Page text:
The Gentle Art of Saying No…

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Saying ‘no’ to people can actually be good for your role, your mental health, and your career says Susie Barron-Stubley

We’ve all been there, we’ve got a hundred and one things to do, deadlines are pressing, emails are mounting, phones are ringing, the Blackberry is beeping, and the reminders just keep on popping up, apparently lunch was about three hours ago, not that you really noticed, and then one of your Executive’s direct reports staggers up to you looking close to breaking point and practically sobbing asks for your help in preparing 15 urgent packs for a client meeting tomorrow. The thoughts in your mind are probably very different to what comes out your mouth. What you’re thinking almost certainly isn’t printable here, you might raise your eyebrows in an exasperated way, but what you say is something more like ‘leave it here; I’ll make sure it’s all ready in time’.   How can you refuse? It’s for one of your Executive’s team, it’s for a client meeting and who else will do it anyway?

The speed and pressure of how we work as Assistants often means that we crowd our working lives with ‘yeses’ and don’t allow ourselves, or allocate, time to focus on our own core business priorities, and therefore our own business success. We become over responsible for other peoples workloads (and dare I say occasional poor planning), focusing our time and energy on ensuring others people’s priorities are met over our own. Saying ‘yes’ to all requests from all people can be detrimental to our own roles, productivity and output.

I want to consider why we say ‘yes’, when at times we want to, and really should, say ‘no’. I’m a great believer in that we train people how to treat us and how they behave towards us, and we often train people that it’s okay to ask, and expect us, to prioritise their work over our own, albeit subconsciously. As Assistants, how we train people to act towards us is often down to our own ‘internal rules’ of how we view the role and responsibilities of Assistants. If we view the role of Assistant as everyone else’s ‘fixer’ then we take away our capability of saying ‘no’ at times. And just for the record – it’s not only okay to say ‘no’ every now and then, but essential for our own effectiveness and sanity!

Where we need to start is to become crystal clear on the boundaries of our roles – most Assistants know where their role starts, it’s were the role stops that becomes tricky. If we don’t know where the role stops, it makes it virtually impossible to say ‘no’. If your job description has a catch all statement on it that says ‘and to support the ad hoc needs of the team’ it makes it incredibly difficult to say ‘no’ to a request from anybody. Now I’m not suggesting that you shouldn’t be willing to provide ad hoc support, quite the opposite, there are always times when it’s essential that we remain flexible and willing to go the extra mile. It’s when this ad hoc support gets out of control and is regularly leading you away from your core business priorities and focussing more on others priorities than our own when we need to start to learn how to say ‘no’.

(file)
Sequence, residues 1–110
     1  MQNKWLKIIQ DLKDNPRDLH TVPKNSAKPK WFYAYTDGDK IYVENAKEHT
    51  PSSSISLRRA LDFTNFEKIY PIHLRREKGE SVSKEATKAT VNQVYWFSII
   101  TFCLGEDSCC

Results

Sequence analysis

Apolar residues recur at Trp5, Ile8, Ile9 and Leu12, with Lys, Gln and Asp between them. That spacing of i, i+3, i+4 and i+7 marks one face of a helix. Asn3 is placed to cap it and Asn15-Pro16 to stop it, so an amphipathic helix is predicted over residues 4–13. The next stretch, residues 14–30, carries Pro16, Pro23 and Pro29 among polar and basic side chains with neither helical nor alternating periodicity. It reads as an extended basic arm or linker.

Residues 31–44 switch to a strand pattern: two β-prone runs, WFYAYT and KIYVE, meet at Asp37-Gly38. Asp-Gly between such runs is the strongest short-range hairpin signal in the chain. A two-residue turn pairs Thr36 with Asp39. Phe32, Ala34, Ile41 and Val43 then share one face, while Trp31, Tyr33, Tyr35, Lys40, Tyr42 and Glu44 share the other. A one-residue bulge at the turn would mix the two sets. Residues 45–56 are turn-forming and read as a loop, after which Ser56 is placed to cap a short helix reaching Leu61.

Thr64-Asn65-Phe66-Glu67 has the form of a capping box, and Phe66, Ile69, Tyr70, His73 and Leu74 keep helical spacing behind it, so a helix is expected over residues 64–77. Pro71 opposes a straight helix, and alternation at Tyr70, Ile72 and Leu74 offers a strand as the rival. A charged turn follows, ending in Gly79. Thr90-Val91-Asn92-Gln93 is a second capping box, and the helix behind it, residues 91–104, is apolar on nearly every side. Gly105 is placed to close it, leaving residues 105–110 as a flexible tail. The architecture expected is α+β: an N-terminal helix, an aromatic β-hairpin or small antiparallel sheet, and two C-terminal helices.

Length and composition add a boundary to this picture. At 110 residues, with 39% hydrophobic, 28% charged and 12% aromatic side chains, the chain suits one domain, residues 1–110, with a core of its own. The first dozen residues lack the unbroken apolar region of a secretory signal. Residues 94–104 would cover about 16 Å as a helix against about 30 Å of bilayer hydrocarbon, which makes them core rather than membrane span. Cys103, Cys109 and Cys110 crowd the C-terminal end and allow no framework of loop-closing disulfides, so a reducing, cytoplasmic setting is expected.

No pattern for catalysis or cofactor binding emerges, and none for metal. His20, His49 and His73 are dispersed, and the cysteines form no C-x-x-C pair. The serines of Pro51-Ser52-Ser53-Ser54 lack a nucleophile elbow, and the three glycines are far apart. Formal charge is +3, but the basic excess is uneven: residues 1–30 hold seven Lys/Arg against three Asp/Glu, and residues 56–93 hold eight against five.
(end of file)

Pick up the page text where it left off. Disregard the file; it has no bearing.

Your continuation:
One important thing to bear in mind is that other people will always have their own agendas bubbling away. If it’s easier to ask you to do something that they really don’t want to do, they probably will. But there may be other factors at play: it can be a power or prestige issue to have an Assistant carry out some work for them, or they may be plain old disorganised, or (and I’ll whisper this one) idle. Does that make their request for work an urgent priority for you, pushing your own workload down the priority list? Sometimes. Maybe. Most often not. Human beings can at times be manipulative to meet their own agenda: stay alert to this to be able to identify when and how to push back on some requests – it’s critical to your own business success.

So how do we gain clarity on the boundaries of the role and understand when and how we can push back and say ‘no’?

Firstly, you will need to discuss and gain agreement from your Executive on how they see your role, where it starts and where it stops. Undertake a time audit. Log exactly how much time you are spending on requests or ad hoc work that you feel you might be able to push back on. Armed with this information discuss with your Executive if that’s how they believe you should be spending your time. If you are spending your time saying ‘yes’ to all of the ad hoc requests, the likelihood is that it’s leading you away from focusing on your Executive. You absolutely need their support and agreement of what you can and cannot do. You are not a super hero who has 28 hours in a day to be all things to all people. You need to give yourself permission to say ‘no’ every now and then.